A Substrate for Accountable Layered Systems

Morgan, B. "A Substrate for Accountable Layered Systems"


A system built on a layered reflective cognitive architecture presents many novel and difficult software engineering problems. Some of these problems can be ameliorated by erecting the system on a substrate that implicitly supports tracing the behavior of the system to the data and through the procedures that produced that behavior. Good traces make the system accountable; it enables the analysis of success and failure, and thus enhances the ability to learn from mistakes.

This constructed substrate provides for general parallelism and concurrency, while supporting the automatic collection of audit trails for all processes, including the processes that analyze audit trails. My system natively supports a Lisp-like language. In such a language, as in machine language, a program is data that can be easily manipulated by a program, making it easier for a user or an automatic procedure to read, edit, and write programs as they are debugged.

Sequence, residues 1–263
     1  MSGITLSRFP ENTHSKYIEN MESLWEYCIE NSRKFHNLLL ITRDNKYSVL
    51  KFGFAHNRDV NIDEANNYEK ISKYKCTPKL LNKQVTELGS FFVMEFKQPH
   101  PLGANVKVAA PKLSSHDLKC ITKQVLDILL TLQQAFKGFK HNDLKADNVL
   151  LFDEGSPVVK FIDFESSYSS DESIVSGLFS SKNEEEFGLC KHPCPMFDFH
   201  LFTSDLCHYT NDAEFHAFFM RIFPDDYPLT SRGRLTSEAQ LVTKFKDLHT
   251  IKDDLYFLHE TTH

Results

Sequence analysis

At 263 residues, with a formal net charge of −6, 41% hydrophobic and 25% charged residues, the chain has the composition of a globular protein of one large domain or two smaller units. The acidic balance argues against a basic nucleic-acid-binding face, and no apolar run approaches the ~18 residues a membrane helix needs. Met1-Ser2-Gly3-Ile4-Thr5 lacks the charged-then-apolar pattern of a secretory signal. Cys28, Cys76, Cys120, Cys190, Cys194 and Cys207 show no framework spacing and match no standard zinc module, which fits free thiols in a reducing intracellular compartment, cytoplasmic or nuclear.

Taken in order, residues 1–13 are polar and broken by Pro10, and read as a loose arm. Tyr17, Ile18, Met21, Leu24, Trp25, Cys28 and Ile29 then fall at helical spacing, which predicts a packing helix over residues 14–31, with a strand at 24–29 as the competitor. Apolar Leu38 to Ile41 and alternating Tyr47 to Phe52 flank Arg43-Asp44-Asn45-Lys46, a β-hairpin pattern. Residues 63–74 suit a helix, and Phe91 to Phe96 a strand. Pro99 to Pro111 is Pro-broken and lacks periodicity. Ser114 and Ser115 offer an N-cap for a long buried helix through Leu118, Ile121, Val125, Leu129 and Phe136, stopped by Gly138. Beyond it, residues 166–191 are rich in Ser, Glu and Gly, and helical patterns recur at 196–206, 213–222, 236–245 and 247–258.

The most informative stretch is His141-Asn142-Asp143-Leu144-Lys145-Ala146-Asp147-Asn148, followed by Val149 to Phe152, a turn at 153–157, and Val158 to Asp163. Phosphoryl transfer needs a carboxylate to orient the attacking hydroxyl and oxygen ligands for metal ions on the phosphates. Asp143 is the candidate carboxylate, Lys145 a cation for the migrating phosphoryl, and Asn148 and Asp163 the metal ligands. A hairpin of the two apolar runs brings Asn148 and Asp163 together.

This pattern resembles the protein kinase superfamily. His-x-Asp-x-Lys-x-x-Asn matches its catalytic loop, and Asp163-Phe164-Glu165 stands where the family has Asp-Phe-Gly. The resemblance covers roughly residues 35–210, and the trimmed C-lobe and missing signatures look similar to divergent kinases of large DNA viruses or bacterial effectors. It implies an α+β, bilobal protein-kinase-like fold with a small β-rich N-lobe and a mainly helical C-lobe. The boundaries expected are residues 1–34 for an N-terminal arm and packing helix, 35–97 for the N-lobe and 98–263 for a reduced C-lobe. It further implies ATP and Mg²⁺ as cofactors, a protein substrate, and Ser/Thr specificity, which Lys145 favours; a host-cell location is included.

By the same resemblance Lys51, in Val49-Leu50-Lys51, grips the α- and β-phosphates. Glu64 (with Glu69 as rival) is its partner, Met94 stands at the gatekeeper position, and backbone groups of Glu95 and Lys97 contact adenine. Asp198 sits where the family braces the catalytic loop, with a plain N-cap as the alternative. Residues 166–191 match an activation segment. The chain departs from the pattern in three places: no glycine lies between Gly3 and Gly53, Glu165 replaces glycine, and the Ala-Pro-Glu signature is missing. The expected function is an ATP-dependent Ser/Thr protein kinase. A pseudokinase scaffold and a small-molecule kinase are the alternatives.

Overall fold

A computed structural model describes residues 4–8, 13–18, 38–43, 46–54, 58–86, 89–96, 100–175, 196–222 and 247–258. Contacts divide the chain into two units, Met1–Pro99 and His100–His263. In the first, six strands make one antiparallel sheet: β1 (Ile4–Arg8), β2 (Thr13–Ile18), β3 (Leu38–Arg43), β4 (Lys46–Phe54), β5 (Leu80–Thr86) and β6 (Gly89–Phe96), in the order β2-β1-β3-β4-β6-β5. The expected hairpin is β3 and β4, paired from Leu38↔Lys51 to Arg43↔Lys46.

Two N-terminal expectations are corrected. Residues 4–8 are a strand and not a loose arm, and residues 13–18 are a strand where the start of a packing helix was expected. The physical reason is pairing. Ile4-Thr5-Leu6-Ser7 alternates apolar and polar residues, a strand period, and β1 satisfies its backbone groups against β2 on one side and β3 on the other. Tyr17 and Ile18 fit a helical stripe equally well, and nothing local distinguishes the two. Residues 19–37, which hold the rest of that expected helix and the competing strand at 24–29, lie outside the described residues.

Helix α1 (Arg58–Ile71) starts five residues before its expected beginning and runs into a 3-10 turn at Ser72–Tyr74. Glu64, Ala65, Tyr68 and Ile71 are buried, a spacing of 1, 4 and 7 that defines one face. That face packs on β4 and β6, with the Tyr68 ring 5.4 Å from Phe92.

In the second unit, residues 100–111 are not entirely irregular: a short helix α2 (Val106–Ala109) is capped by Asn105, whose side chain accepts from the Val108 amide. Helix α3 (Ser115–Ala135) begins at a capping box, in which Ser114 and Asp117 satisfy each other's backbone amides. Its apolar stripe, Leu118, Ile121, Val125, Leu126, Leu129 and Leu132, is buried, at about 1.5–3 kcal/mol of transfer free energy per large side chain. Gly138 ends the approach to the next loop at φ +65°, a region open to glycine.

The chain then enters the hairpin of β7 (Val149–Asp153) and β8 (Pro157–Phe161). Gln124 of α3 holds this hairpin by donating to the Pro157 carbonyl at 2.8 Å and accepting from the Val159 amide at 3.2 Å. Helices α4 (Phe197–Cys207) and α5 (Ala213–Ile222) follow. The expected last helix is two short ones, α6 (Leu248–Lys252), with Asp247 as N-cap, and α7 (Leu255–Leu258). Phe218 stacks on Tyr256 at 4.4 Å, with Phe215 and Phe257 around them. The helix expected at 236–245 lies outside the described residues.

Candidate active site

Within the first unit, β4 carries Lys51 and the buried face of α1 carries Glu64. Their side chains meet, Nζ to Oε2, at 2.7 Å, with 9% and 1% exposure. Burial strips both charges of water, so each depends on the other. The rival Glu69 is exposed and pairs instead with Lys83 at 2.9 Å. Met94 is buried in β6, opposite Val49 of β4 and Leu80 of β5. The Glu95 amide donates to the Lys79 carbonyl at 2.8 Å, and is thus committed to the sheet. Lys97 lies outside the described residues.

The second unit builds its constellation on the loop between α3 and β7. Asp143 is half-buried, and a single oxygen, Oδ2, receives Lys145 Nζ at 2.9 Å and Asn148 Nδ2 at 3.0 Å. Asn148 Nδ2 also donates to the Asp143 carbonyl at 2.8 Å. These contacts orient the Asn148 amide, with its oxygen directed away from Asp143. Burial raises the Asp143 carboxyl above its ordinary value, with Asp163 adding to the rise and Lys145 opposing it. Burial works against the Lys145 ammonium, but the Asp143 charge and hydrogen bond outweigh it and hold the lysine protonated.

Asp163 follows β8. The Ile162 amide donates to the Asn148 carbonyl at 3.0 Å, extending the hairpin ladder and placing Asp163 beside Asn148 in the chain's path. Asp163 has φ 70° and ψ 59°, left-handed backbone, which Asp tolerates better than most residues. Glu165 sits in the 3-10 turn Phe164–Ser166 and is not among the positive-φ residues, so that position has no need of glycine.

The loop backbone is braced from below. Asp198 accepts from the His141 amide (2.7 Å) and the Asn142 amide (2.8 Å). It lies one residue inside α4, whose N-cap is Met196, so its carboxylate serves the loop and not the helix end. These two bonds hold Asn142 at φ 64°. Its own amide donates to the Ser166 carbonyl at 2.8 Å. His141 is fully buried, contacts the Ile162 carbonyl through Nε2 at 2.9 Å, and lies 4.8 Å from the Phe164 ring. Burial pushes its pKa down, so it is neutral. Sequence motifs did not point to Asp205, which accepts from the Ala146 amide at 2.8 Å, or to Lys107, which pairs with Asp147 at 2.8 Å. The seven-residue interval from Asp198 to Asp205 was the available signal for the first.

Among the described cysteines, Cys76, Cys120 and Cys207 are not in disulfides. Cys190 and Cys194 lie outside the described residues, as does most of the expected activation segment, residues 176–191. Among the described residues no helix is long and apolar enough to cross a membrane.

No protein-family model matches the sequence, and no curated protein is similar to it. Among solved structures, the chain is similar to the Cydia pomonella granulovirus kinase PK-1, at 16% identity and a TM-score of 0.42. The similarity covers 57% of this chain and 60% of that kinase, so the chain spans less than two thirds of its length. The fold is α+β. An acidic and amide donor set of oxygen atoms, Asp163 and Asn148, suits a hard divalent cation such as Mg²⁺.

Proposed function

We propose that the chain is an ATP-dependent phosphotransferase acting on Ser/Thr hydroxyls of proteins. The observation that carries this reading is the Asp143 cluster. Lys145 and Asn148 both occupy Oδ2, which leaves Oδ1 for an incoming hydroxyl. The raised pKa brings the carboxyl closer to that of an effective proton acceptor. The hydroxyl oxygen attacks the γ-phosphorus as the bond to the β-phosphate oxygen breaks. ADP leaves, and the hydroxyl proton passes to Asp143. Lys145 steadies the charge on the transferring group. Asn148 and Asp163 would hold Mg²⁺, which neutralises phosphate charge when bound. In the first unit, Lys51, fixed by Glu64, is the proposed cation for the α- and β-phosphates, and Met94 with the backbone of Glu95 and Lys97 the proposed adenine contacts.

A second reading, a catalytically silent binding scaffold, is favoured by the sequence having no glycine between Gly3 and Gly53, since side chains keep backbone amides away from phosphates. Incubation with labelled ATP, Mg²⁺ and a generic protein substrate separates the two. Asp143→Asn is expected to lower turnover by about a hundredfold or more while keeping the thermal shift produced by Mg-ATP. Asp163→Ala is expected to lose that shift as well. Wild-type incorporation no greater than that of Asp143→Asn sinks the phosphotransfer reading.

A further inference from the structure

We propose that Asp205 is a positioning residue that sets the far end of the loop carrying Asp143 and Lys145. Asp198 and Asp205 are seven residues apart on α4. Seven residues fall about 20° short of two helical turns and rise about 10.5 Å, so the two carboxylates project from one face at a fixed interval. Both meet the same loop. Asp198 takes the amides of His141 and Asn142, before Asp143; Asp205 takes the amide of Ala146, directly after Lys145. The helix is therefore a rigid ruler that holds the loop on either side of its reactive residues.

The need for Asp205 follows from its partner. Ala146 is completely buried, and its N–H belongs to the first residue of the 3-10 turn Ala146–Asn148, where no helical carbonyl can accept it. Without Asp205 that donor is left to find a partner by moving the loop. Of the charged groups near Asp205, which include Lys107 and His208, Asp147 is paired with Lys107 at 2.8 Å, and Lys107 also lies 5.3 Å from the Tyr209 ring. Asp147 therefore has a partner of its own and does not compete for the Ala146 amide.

Constructed within this substrate is an implementation of the bottom four layers of an Emotion Machine cognitive architecture, including built-in reactive, learned reactive, deliberative, and reflective layers. A simple natural language planning language is presented for the deliberative control of a problem domain. Also, a number of deliberative planning algorithms are implemented in this natural planning language, allowing a recursive application of reflectively planned control. This recursion is demonstrated in a fifth super-reflective layer of planned control of the reflective planning layer, implying N reflective layers of

planned control.

Here, I build and demonstrate an example of reflective problem solving through the use of English plans in a block building problem domain. In my demonstration an AI model can learn from experience of success or failure. The AI not only learns about physical activities but also reflectively learns about

thinking activities, refining and learning the utility of built-in knowledge. Procedurally traced memory can be used to assign credit to those thinking processes that are responsible for the failure, facilitating learning how to better plan for these types of problems in the future.

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